With the talk of Uncle Walter continuing apace, amid the loony rantings of Freepers and the decent and honorable memorials elsewhere, there has been — perhaps — a well-judged critique, in this Guardian obituary:
Astonishingly, no one thought to question the phrase that became his professional trade mark, intoned at the end of each nightly bulletin: “And that’s the way it is.” That, in fact, was simply the way it appeared to Cronkite. As one of the founding fathers of America’s network television news and as managing editor of the CBS evening news for 19 years, his evaluation of world events helped shape his country’s electronic reporting into the extraordinarily insular and inadequate chronicle it has become. That, in turn, opened the door to Rupert Murdoch’s current brand of unashamedly partisan news coverage.
During Cronkite’s reign, the standard television bulletin, from which most Americans drew their picture of the world, lasted for 22 minutes. The consequent pressure to condense or omit means that events in vast tracts of the globe remained unknown across the world’s most powerful nation. For all Cronkite’s insistence that he was a reporter rather than a front man, there was little evidence that he tried to inculcate a mission to inform at CBS. The prevailing philosophy was, and remains, to offer all the news that fits. With no national press to fill the gap, it has meant that for generations of Americans the broad sweep of foreign policy has wavered on tides of popular ignorance.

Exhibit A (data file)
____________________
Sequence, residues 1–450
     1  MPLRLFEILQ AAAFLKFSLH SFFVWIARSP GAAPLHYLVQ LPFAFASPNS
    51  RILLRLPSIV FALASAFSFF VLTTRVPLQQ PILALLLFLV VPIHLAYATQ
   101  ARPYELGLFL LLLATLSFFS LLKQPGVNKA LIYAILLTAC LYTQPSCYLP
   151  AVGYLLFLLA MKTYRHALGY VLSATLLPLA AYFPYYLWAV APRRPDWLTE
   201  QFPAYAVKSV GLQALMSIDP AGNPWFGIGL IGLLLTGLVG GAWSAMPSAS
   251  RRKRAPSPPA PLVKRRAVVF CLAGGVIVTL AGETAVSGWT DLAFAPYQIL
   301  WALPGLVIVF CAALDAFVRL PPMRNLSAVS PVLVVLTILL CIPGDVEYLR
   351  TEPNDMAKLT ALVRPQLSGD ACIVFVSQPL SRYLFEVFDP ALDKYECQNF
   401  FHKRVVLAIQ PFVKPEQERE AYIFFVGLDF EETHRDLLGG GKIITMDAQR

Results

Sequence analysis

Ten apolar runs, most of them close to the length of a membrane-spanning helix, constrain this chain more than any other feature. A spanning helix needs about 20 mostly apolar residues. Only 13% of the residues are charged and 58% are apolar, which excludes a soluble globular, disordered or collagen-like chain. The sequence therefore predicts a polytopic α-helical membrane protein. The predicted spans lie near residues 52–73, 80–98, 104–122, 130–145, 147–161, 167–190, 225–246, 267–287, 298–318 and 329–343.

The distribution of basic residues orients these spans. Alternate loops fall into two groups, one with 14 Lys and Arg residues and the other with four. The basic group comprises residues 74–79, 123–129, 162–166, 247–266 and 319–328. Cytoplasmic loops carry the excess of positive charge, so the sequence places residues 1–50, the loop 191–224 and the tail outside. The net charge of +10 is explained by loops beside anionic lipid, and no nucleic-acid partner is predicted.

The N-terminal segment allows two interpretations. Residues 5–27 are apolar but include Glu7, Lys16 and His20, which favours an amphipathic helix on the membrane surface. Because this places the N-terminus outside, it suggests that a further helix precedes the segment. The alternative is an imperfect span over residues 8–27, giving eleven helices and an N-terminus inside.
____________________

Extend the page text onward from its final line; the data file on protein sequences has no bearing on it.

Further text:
Surely, the history of TV news in America, and its faults, do not solely lie at the feet of Cronkite. Commercialism in media — sex and sensationalism sells — takes that honor. And he did some unquestioned good in his time — notably with his frank assessment on Vietnam. But the question comes: is he blameless?